Using a rich longitudinal data set of married couples from the Korean Labor and Income Panel Study, this article seeks to uncover the intramarital allocation of experienced utility and its drivers. We find both substantial gains from marriage and effects of relative predicted earnings outside of marriage on relative gains from marriage. These findings are consistent with cooperative bargaining models and with models viewing individuals as having a demand for household production services by a spouse, with market forces influencing the price of such services. In addition, we find that men benefit more from marriage than women and that this gender gap is more pronounced for older couples. This is likely to be due to social norms and prescribed gender roles which are more prevalent within the older generation.
Bibliographical noteFunding Information:
The authors thank the Editor and an unknown reviewer for their very helpful comments. They further would like to thank the participants of the 24th IAFFE Annual Conference, the 11th World Congress of the Econometric Society and the 1st World Congress of Comparative Economics for valuable comments. The paper further benefitted from fruitful discussions with Stephan Klasen, Inma Martinez-Zarzoso, Jinyoung Kim, Beomsoo Kim, Seik Kim, and Sung-jin Kang. This research benefitted from Korea University (KU) research funding. Bethmann’s research was supported by the KU grant K1509031.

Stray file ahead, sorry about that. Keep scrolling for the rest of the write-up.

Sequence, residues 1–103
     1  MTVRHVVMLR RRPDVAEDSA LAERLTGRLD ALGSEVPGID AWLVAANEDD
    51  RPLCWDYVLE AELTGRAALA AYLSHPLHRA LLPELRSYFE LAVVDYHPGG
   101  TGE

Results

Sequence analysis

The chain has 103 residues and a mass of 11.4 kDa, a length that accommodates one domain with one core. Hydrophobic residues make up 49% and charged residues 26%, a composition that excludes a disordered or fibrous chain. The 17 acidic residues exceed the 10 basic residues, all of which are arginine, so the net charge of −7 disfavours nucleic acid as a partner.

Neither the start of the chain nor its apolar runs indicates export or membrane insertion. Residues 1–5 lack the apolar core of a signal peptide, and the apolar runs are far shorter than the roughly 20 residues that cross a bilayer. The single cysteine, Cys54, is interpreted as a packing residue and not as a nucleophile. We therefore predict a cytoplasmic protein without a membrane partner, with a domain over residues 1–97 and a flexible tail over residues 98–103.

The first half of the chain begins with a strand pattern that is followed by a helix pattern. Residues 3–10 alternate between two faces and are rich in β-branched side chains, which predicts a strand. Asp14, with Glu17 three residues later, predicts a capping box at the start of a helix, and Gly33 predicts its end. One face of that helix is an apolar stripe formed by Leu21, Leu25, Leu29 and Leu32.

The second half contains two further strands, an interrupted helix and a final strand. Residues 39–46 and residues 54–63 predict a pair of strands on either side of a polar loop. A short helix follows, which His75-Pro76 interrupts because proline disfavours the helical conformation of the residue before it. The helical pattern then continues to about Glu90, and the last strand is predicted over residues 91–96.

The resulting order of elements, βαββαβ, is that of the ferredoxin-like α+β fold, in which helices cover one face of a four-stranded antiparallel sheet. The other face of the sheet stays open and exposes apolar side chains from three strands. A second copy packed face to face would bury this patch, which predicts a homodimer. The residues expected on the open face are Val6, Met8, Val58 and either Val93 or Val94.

© 2016, Springer Science+Business Media New York.
- Gender asymmetry
- Generation effect
- Intrahousehold bargaining
ASJC Scopus subject areas
- Social Sciences (miscellaneous)
- Economics and Econometrics